Gaza-bound ship carrying pro-Palestinian activists sets sail from Greece
Ten activists head to Gaza aboard the French Dignite-Al Karama ship, regarding themselves as representatives of the entire abortive flotilla.
SOMEWHERE IN THE EAST MEDITERRANEAN – On Saturday evening a Gaza-bound boat left Greek territorial waters. Its 10 participants regard themselves as representatives of the entire abortive flotilla to Gaza, and are determined to exhaust all possibilities in order to reach their destination, or at least carry out the symbolic act of protesting the blockade. They are well aware of the Lilliputian dimensions of their venture, compared with the massive impact organizers had initially planned to have with the 10-odd vessel flotilla.
Dignite-Al Karama, one of two yachts purchased by the French delegation in the second Freedom Flotilla, left a port in Corsica on June 25. Thus, it was spared the fate of eight other boats which were supposed to sail out of Greek ports, but were impounded by Greek authorities.
Last Wednesday Karama left the port of Sitia in Crete, where it had been anchored for a week, awaiting the other boats in vain. Once it was clear that Greece, under strong Israeli pressure, would not allow those boats to sail, its remaining passengers ¬ three French nationals and one Tunisian ¬ were joined by three representatives of other delegations, a Greek, Swede and a Canadian, and by three more French activists who arrived from France. Also on board are three crew members and three journalists from Al Jazeera and Haaretz.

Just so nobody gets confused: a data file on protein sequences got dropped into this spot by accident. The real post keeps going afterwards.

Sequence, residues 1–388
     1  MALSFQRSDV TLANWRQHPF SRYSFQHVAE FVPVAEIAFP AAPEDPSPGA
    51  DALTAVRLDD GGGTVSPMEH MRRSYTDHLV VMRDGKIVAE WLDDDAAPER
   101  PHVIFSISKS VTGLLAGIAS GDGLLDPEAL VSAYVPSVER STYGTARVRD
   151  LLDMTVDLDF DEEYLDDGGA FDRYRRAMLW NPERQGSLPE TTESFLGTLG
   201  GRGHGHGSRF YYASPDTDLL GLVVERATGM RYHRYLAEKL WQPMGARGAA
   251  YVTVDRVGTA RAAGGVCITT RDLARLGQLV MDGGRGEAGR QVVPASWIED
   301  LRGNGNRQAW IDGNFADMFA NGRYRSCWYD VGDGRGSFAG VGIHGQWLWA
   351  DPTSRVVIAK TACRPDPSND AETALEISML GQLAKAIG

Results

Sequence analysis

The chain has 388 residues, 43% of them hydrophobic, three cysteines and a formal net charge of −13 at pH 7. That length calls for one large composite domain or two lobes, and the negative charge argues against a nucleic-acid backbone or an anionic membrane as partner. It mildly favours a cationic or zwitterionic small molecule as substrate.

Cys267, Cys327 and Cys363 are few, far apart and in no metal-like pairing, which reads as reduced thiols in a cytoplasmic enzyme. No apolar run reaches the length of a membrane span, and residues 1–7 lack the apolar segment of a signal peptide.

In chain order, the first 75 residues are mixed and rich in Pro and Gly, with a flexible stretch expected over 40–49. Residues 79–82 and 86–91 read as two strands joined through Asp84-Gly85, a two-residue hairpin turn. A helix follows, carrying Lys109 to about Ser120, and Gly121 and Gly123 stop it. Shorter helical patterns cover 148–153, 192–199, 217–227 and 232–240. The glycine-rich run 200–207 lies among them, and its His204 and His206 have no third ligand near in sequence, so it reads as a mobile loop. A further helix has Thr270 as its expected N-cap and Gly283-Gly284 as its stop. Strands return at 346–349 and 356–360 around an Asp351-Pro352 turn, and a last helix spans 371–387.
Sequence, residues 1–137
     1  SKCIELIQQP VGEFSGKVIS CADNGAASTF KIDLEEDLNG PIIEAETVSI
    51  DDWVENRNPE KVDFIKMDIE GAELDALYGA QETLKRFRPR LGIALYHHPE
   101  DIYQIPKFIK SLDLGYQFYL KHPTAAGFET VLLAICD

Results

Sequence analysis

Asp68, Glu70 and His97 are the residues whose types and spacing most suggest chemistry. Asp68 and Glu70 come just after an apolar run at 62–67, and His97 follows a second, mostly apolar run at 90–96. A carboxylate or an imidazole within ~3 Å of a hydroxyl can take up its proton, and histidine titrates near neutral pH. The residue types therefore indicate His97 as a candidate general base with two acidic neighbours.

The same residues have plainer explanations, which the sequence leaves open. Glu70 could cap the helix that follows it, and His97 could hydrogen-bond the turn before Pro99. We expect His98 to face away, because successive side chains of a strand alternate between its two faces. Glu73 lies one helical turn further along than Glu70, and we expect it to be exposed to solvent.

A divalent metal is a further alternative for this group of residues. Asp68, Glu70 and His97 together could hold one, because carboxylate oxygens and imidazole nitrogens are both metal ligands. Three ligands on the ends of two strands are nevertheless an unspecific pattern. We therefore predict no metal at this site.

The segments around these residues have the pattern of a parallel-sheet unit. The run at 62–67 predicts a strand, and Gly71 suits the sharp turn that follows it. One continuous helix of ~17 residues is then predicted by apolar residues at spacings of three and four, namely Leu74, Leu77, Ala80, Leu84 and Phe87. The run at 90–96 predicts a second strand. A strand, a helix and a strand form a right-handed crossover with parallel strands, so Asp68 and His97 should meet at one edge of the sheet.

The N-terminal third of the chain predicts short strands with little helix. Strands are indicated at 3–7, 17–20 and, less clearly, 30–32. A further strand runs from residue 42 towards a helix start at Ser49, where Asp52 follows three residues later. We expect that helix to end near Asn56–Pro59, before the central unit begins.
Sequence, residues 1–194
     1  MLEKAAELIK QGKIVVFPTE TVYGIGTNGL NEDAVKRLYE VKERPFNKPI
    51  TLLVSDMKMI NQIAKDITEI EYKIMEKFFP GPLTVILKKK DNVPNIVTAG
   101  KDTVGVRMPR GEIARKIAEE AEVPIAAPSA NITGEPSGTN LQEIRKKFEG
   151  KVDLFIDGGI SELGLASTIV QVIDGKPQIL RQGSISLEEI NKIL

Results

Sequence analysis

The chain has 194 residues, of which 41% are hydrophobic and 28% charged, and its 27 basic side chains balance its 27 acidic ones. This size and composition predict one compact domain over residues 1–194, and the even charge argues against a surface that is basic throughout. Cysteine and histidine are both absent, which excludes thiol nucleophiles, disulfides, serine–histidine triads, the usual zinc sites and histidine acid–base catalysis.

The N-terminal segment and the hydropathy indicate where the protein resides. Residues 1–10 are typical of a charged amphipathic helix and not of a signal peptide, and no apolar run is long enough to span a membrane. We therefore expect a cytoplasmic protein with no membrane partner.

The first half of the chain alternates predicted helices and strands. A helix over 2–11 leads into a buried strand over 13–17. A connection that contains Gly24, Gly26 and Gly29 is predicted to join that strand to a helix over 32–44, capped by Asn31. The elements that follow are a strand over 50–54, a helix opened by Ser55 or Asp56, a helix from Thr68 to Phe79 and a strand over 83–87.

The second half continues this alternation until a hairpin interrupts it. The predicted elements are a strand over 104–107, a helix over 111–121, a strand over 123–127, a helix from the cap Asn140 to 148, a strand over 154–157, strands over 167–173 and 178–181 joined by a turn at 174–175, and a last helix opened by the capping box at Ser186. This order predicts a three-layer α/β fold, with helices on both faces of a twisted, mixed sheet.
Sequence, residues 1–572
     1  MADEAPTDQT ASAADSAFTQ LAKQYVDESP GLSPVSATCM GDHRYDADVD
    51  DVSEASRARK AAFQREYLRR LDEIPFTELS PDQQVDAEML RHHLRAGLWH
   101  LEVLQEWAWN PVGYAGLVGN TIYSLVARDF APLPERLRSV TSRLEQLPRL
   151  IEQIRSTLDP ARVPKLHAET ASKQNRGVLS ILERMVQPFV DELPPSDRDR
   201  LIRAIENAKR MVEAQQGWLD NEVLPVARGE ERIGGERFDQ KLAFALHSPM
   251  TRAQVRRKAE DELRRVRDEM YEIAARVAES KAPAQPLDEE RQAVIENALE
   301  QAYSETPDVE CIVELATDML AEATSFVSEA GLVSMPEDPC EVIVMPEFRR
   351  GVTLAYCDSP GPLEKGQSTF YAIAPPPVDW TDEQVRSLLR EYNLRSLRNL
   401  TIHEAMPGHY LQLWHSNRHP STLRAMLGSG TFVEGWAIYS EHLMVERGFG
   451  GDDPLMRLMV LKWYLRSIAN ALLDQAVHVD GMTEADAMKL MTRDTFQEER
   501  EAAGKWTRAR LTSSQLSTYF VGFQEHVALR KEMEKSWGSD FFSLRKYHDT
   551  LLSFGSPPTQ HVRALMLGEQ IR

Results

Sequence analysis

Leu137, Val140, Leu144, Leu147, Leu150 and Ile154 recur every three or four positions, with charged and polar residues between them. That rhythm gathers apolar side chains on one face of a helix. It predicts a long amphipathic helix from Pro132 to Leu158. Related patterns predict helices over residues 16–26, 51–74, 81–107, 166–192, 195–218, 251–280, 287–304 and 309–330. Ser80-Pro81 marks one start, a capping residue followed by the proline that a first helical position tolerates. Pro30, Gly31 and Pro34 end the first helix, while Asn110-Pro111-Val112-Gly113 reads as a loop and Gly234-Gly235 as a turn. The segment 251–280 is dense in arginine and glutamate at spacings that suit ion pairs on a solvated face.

The decision to carry on the mission of sailing to Gaza was not automatically welcomed by other delegations or by the steering committee of the flotilla. Some preferred to officially end the current campaign. Karama's participants spent long hours negotiating and convincing the others.
On Thursday evening Karama reached the eastern Greek Island of Kastellorizo in order to fuel and meet the additional delegates from France. Kastellorizo's history is connected to Gaza: During World War II, after having been occupied by the British army and fearing German attacks, some of the inhabitants fled to Gaza and remained in Palestine for a couple of years. This made the inhabitants of the island and its small port city especially hospitable to the small boat and its mission.
Three of those on board already sailed towards Gaza in last years' flotilla. One of them, Greek sociologist Vangelis Pissias, claims that while in detention in Ashdod last year he was severely beaten by Israeli security forces. Also on board for the second time is Dror Feiler, the Israel-born Swedish national, who is chairperson of 'European Jews for a Just Peace."
Claude L'Eostic, a French flotilla organizer and a veteran activist for Palestinian causes, said that even the sailing of one tiny yacht was the best way to expose the Israeli policy of blockading Gaza, and its illegality.
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